PBSA – Purpose-Built Student Accommodation as an Alternative Investment

PBSA - Purpose-Built Student Accommodation as an Alternative Investment

Could investing in new student housing and accommodation properties be an alternative in the current housing market?

From Liverpool to Newcastle and now London, a shortage of beds for university students has become another issue adding to the shortage of housing in the capital and beyond. London now ranks as the world’s largest market for students with full-time students at 300,000 and a quarter of all international students in the UK are located at four London universities.

Lack of Supply

In a recent report on the situation, the supply of ‘purpose-built student accommodation (PBSA) in the capital is now 88,950 beds, which is lower than the national average. In the past decade, 49,300 new beds have been matched by 48,240 extra full-time students in London.

The report cites that PBSA housing construction has been in decline with Zone 1 development falling from 6,888 beds in 2014 and 2015 to 1,519 beds for 2017 and 2018.

‘High development costs and restrictive planning policy have forced investors to look at more peripheral locations in Zones 2 and 3 outwards. The 3,000 new beds delivered for the 2017/18 academic year is the lowest in more than a decade and the outlook is unlikely to improve. So far, there have been no major applications in Zone 1 in 2017.’

For the 2017/18 academic year, the total of available beds in London will be at 88,950 this reflects a 125% increase since 2007 – 2008 when bed availability was at 39,585.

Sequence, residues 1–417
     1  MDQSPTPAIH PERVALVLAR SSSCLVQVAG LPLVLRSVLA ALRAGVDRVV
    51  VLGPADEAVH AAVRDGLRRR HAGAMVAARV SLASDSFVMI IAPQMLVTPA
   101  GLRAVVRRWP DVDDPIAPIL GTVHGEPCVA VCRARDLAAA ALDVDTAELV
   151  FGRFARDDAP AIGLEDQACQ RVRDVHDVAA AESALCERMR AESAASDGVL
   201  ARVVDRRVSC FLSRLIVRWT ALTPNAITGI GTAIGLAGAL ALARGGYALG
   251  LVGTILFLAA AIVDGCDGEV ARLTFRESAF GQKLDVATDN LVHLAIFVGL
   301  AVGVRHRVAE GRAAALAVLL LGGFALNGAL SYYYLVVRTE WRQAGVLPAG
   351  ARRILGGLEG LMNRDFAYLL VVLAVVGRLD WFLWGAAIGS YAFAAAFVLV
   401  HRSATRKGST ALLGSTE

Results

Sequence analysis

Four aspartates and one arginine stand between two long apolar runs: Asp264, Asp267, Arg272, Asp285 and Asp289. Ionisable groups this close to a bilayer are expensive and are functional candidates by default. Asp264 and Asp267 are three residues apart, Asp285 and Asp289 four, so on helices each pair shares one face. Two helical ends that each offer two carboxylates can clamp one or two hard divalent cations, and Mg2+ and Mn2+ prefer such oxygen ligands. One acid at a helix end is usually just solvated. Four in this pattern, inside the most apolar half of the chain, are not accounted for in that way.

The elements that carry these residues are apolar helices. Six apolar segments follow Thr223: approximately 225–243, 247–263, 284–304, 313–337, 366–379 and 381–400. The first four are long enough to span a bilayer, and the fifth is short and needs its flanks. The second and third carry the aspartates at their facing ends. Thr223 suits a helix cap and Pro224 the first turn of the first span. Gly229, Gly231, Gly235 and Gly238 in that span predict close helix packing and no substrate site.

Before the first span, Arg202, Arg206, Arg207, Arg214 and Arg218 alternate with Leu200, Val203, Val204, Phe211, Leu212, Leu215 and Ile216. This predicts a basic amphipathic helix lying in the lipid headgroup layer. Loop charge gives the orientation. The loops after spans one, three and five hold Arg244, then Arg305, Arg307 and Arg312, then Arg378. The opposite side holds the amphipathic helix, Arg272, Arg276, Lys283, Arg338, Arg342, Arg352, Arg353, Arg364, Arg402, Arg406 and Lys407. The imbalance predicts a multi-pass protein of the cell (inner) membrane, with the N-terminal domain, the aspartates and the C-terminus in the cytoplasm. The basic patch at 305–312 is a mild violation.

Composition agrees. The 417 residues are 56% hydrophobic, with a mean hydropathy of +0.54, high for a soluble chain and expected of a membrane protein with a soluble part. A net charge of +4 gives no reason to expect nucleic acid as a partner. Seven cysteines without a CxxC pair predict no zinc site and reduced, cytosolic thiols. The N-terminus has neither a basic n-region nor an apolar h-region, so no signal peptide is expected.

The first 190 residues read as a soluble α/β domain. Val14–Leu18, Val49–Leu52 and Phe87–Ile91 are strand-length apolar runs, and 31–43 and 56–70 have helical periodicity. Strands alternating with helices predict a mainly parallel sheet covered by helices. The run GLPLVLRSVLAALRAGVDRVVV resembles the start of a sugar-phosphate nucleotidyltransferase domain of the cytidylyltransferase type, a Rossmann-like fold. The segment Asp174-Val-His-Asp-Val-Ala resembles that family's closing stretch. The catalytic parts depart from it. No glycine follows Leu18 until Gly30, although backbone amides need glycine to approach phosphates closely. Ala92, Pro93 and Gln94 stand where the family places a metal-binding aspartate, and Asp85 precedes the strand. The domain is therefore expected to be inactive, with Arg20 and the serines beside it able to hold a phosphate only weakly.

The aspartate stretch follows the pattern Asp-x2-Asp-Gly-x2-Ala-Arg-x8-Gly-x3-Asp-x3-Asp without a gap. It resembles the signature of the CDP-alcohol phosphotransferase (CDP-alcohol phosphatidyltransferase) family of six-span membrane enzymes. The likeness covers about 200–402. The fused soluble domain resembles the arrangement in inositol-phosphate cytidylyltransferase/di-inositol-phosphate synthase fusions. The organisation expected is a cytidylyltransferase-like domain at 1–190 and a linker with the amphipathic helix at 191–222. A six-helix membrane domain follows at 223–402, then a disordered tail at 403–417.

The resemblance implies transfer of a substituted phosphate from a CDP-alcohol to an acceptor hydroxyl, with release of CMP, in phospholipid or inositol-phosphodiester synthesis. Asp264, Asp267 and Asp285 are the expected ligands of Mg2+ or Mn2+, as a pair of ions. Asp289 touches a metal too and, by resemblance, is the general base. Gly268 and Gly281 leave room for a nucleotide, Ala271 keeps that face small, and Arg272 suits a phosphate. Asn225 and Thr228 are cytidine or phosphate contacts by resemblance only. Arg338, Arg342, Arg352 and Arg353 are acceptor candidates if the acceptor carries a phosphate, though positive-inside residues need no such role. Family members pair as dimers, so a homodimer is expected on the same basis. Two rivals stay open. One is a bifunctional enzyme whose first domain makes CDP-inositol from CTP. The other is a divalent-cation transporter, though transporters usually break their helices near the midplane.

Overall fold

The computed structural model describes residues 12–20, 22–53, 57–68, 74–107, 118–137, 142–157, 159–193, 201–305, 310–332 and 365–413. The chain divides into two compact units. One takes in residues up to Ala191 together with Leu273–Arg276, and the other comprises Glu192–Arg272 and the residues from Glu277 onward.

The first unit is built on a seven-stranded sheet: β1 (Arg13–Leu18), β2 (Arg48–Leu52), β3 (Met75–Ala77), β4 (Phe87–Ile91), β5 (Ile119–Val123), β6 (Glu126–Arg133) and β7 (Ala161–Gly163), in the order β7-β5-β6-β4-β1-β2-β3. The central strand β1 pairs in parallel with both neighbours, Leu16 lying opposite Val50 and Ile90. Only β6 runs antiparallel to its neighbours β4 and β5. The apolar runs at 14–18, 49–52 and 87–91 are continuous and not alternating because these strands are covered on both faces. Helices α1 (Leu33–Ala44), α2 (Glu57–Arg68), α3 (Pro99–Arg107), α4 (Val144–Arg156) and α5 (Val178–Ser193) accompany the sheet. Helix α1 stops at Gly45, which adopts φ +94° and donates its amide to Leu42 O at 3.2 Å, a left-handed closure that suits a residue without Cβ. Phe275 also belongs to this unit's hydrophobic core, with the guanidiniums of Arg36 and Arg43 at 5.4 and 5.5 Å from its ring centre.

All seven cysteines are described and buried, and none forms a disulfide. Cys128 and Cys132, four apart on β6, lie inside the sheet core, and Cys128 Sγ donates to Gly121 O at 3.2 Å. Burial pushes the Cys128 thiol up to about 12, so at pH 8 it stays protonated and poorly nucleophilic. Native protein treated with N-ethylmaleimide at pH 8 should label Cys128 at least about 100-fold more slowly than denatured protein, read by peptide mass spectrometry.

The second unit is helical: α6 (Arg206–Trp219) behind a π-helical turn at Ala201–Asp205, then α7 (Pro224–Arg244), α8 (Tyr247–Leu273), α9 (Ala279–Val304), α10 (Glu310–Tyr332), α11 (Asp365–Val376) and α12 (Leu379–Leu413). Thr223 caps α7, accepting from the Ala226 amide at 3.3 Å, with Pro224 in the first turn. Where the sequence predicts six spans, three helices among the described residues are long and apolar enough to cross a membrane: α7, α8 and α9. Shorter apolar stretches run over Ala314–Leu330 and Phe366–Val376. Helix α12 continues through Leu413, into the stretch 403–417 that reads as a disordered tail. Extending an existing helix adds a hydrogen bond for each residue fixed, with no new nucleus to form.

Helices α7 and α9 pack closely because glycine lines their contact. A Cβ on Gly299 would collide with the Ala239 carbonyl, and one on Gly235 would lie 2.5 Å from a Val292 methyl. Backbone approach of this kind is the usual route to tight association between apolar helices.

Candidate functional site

Much of the increase over this period has been due to private operators which have accounted for 90% of the new beds.

Direct let (33,669 beds) and privately owned university agreements (18,152 beds) now account for 58% of all supply, up from 18% in 2007/8.

Despite attempts to keep pace, the London market is still undersupplied by 34,500 beds, with universities turning to private operators to provide housing. Universities try to use guarantees of housing for students as part of the decision-making process for parents.

We estimate that two-thirds of existing university beds are more than 17 years old and many are likely to be in need of modernisation. The last few years have seen a number of rent protests for university accommodation over a perceived lack of value for money, reflecting how student demands have changed.

The undersupply problem is expected to continue as new construction of student housing has slowed with new bed supply expected to be 3,000. This would be the lowest rate of new beds per year in a decade and half of what was produced for 2014 and 2015.

For Central London, Zone 1, hopes for new PBSA is expected to diminish despite the approval and construction of 6,888 beds for 2014 and 2015 which accounted for 36% of the areas development. For this academic year, planning approval for Urbanest’s Vine Street development plans with King’s College will deliver 1,519 new beds. Planning applications for 2017 have been non-existent for Zone 1 with speculation that new development for 2018 and 2019 will also be the same.